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The individual college should make up a budget of necessary expenses of a regular student, and this criterion should be the amount of the athletic scholarship awarded. The amount in dollars and cents will vary from institution to institution and from conference to conference, but in any case it must not be above the actual expenses as certified by the college. If this procedure is followed it will do away with much of the bickering such as is going on in the Pacific Coast Conference about the difference in the cost of living in Los Angeles and Corvallis, Oregon.
4 All other financial aid, except that outlined in No. 3, is prohibited.
The prohibition includes promise of financial aid beyond the minimum time required for a student to complete his allowable athletic competition, and outside aid and outside jobs, except jobs during the summer and during the school vacations, for which the pay is not greater than that received by other people doing the same kind of work. Any outside rewards or inducements to athletes or prospective athletes, such as gifts of money, clothes, lavish entertainment, loans or acting as sureties for loans, shall be considered as excessive financial aid and be prohibited.
5 The acceptance of any aid, except that outlined in No. 3, shall result in immediate expulsion of the student involved.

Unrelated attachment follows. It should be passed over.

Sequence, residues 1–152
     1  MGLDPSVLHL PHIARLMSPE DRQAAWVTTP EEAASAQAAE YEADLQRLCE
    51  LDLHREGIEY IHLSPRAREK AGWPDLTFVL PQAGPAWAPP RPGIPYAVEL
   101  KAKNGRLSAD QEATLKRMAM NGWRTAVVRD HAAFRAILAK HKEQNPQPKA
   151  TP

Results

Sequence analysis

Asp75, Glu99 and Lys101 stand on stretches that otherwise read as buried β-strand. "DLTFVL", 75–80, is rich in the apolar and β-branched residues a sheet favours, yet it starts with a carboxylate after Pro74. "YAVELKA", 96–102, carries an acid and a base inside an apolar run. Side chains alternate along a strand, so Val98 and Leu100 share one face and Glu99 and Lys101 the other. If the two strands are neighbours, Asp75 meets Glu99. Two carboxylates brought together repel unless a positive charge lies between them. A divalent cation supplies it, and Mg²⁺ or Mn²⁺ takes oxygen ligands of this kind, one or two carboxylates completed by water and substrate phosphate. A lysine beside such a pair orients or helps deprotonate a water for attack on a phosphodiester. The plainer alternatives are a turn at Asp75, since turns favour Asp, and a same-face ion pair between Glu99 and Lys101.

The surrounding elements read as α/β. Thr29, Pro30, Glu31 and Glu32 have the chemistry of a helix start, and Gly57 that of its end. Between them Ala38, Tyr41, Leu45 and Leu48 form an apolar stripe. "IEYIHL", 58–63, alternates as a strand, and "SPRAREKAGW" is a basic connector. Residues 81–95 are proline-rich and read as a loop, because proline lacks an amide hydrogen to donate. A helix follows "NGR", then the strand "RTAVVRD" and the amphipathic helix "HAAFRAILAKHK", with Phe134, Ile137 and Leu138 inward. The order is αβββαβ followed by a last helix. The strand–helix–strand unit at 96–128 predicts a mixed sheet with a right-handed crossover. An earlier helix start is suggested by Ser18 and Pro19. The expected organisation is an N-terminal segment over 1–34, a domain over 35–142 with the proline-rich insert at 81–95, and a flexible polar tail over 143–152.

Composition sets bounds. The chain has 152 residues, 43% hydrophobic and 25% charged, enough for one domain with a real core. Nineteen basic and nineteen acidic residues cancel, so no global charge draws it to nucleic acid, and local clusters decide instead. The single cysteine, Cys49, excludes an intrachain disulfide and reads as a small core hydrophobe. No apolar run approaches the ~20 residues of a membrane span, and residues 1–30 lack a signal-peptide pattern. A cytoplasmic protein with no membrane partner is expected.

Assuming a conference and all of its members, or, so far as that goes, all the conferences and colleges, have adopted this scholarship plan, then there is no reason why this rule should be broken. When an institution guarantees the needed expenses of an individual, there are certain responsibilities that he must assume. This should be explained to him in full by a regular faculty representative the day he registers. He should be asked to sign a pledge to this effect in order to receive his scholarship.
6 A fixed percentage of athletic scholarships—we suggest 75%—should be reserved only for boys in the conference territory of the college or university and its environs.
This would avoid the widespread recruiting abuses which occur in the course of competition for players from other sections. Another point that might be well taken would be to put a limit on the number of athletic scholarships each institution could provide so as to keep the competition on the same plane within a conference.
7 To receive an athletic scholarship and remain eligible for it, the recipient must take a regular course of study, of his own choice, leading to a degree. He must take a normal load of academic hours and maintain a satisfactory average. Before the beginning of his third year he must have attained the proper number of credit hours and quality points to become a fullfledged member of the junior class or his scholarship will be withdrawn.
If this rule was adopted and maintained by all institutions, most of the critics of college football would be hushed. Phony jobs and under-the-table pay are relatively unimportant compared to this phase. The maintenance of these standards does away with the stigma of "semipro" and "hired" athletes. The word "amateur" becomes real. In other words, strict observance of this rule places the proper connotation on the noun "proselyte."
8 The responsibility for proper practices of recruitment and subsidization of players should be placed squarely on the shoulders of the head football coach.